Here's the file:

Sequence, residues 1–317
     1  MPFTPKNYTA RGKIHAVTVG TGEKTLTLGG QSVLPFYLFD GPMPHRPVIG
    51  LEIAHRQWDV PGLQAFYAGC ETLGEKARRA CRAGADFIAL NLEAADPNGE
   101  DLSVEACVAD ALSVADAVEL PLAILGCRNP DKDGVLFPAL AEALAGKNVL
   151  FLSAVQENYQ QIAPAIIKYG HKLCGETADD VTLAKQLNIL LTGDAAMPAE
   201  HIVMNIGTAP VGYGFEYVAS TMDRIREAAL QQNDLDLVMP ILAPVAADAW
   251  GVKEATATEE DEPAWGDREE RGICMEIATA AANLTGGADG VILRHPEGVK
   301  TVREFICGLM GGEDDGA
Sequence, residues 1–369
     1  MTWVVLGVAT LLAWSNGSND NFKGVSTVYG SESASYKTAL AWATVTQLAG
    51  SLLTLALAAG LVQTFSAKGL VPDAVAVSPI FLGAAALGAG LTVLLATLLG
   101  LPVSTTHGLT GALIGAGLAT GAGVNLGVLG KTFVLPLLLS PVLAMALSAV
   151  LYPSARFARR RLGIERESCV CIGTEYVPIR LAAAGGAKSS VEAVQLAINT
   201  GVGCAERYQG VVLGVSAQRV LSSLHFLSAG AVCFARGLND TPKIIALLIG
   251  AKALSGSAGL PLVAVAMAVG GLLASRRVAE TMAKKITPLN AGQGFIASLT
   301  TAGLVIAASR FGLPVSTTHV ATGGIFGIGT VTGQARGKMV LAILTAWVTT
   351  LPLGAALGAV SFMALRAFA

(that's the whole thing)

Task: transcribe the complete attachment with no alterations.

Sequence, residues 1–317
     1  MPFTPKNYTA RGKIHAVTVG TGEKTLTLGG QSVLPFYLFD GPMPHRPVIG
    51  LEIAHRQWDV PGLQAFYAGC ETLGEKARRA CRAGADFIAL NLEAADPNGE
   101  DLSVEACVAD ALSVADAVEL PLAILGCRNP DKDGVLFPAL AEALAGKNVL
   151  FLSAVQENYQ QIAPAIIKYG HKLCGETADD VTLAKQLNIL LTGDAAMPAE
   201  HIVMNIGTAP VGYGFEYVAS TMDRIREAAL QQNDLDLVMP ILAPVAADAW
   251  GVKEATATEE DEPAWGDREE RGICMEIATA AANLTGGADG VILRHPEGVK
   301  TVREFICGLM GGEDDGA
Sequence, residues 1–369
     1  MTWVVLGVAT LLAWSNGSND NFKGVSTVYG SESASYKTAL AWATVTQLAG
    51  SLLTLALAAG LVQTFSAKGL VPDAVAVSPI FLGAAALGAG LTVLLATLLG
   101  LPVSTTHGLT GALIGAGLAT GAGVNLGVLG KTFVLPLLLS PVLAMALSAV
   151  LYPSARFARR RLGIERESCV CIGTEYVPIR LAAAGGAKSS VEAVQLAINT
   201  GVGCAERYQG VVLGVSAQRV LSSLHFLSAG AVCFARGLND TPKIIALLIG
   251  AKALSGSAGL PLVAVAMAVG GLLASRRVAE TMAKKITPLN AGQGFIASLT
   301  TAGLVIAASR FGLPVSTTHV ATGGIFGIGT VTGQARGKMV LAILTAWVTT
   351  LPLGAALGAV SFMALRAFA